WASHINGTON D.C.—On Friday, February 17, 2012, Congressman Frank Pallone, Jr. spoke on the floor of the House of Representatives on the extension of the Payroll Tax Cut, Unemployment Insurance and Medicare doctor’s payment fix. The bill will continue vital programs that provide tax cuts averaging $1,000 for more that 160 millions Americans, extend unemployment insurance payments for those who are out of work through no fault of their own and ensure that doctors can continue to treat Medicare patients. While the extensions of the programs are critical, Congressman Pallone expressed his disappointment that the programs have been saved by cutting benefits to federal workers and payments to hospitals and nursing facilities.

The following is the statement Congressman Pallone delivered on the House Floor:

Thank you, M. Speaker. Today’s payroll tax conference agreement will provide $1,000 in the pockets of more than 160 million Americans and ensure that approximately 3.5 million Americans will continue to benefit from much needed unemployment insurance. We have also protected seniors’ ability to see their doctors with an SGR fix through the end of the year.

Despite these critical provisions, this is a difficult vote to take. I am greatly disappointed over how these extensions are offset. First, the unemployment extension is paid for on the backs of middle class Federal workers. These hardworking men and women continue to be targeted in this Congress – but yet they are not the reason for our nation’s deficits. Meanwhile, my Republican colleagues refuse to require the wealthiest few to pay their fair share.

Secondly, the SGR fix is being paid for with critical health care dollars. In fact, the bill slashes one of the most important investments this country has ever made in preventive health. That is extremely short-sighted. We cannot continue down that path or we will never address the real cost concerns of our health care system.

Sadly, the bill also manages to cut from one provider – hospitals and nursing homes – to help pay for another – physicians. We cannot rob Peter to pay Paul and our health care system cannot sustain further provider cuts. Meanwhile, there is still no permanent solution to an ongoing SGR problem that cannot continue to be kicked down the road again.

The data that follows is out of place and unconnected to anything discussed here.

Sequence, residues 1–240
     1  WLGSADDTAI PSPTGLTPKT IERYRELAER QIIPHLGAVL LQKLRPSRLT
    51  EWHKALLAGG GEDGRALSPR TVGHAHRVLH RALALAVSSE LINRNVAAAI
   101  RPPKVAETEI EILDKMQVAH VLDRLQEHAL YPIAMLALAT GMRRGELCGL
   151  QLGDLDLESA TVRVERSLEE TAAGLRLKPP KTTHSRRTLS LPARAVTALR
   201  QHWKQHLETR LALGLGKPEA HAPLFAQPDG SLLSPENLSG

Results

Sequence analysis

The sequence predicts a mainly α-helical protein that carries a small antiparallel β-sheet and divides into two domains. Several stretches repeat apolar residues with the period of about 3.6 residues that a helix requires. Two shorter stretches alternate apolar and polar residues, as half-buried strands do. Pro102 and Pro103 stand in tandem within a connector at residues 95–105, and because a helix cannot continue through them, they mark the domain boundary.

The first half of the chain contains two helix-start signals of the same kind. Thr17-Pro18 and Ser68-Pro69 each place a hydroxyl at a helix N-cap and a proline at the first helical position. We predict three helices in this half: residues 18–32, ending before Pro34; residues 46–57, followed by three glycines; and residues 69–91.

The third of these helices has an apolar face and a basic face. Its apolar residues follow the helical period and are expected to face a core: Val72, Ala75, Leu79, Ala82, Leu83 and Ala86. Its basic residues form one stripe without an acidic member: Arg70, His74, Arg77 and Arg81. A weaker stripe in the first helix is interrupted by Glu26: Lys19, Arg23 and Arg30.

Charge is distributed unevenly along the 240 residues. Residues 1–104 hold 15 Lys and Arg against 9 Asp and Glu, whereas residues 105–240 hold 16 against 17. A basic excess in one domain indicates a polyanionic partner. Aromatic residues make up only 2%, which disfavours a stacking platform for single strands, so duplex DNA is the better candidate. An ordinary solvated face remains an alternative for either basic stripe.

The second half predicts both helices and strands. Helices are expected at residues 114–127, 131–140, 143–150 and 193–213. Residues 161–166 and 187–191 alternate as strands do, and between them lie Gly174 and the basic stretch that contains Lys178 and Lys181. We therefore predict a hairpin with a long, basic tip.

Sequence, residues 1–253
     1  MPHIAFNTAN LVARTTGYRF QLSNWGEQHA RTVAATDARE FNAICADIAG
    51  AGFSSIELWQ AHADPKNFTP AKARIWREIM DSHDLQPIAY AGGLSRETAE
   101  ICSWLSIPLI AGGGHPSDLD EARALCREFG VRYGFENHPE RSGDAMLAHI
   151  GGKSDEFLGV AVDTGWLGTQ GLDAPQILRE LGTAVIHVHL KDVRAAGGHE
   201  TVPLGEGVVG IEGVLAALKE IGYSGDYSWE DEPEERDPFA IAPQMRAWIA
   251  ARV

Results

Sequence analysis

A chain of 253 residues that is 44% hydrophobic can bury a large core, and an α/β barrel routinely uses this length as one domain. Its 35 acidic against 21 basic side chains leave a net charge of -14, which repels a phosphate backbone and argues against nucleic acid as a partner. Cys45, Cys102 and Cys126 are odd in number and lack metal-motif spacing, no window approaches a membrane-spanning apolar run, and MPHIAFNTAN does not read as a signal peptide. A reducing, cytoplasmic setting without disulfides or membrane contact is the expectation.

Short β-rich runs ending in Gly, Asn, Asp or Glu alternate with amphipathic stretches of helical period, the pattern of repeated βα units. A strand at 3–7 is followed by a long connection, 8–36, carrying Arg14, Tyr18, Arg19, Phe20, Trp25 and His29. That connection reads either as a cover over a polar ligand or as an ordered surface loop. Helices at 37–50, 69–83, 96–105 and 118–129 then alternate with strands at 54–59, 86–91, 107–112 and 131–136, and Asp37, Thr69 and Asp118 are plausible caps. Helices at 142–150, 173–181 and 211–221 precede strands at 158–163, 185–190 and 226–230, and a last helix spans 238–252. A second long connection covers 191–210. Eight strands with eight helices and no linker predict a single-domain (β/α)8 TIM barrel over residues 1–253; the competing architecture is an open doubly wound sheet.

I will vote in favor of this bill, but I do so with grave reservations. Thank you.

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Filed under Congressman Frank Pallone, House Floor statement, Medicare, payroll tax, tax cuts, unemployment benefits

As A Matter Of Fact…Reality Check: Income Taxes Don’t Impede Economic Growth

by Jon Whiten | Published in NJPP Blog: As a Matter of Fact …

As Gov. Chris Christie prepares to unveil the specifics of his proposed 10-percent income tax cut at next week’s budget address, he’s working under a key tenet of conservative economics: that high tax rates harm economic growth.

There’s just one problem, according to a new national report by the Institute on Taxation and Economic Policy (ITEP): that tenet doesn’t match up with reality.

These claims are based largely on misleading analyses generated by Arthur Laffer, long-time spokesman of a supply-side economic theory that President George H. W. Bush once called “voodoo economics” because of its bizarre insistence that tax cuts very often lead to higher revenues. Recently, Laffer’s consulting firm has been very successful (with the help of the American Legislative Exchange Council, Americans for Prosperity, and the Wall Street Journal’s editorial page) in spreading the talking point that the nine states without personal income taxes have economies that far outperform those in the nine states with the highest top tax rates.

In reality, however, residents of “high rate” income tax states are actually experiencing economic conditions at least as good, if not better, than those living in states lacking a personal income tax.

The report pits the nine “high rate” states identified by Laffer (a list that includes New Jersey) against the nine states that don’t have a broad-based personal income tax in three categories: growth per capita, median family income and unemployment rate.

From 2001 to 2010, the “high rate” states have seen stronger growth per capita and less erosion of median family income, while the average unemployment rate has been the same as the un-taxed states.

The bottom line, according to ITEP?

“There is no reason for states to expect that reducing or repealing their income taxes will improve the performance of their economies.”

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Filed under As a Matter of Fact, blog, Gov. Chris Christie, income taxes, Institute on Taxation and Economic Policy (ITEP), New Jersey Policy Perspective

Gary Carter, Hall of Fame Catcher and Mets Star, Dies at 57

From the New York Times: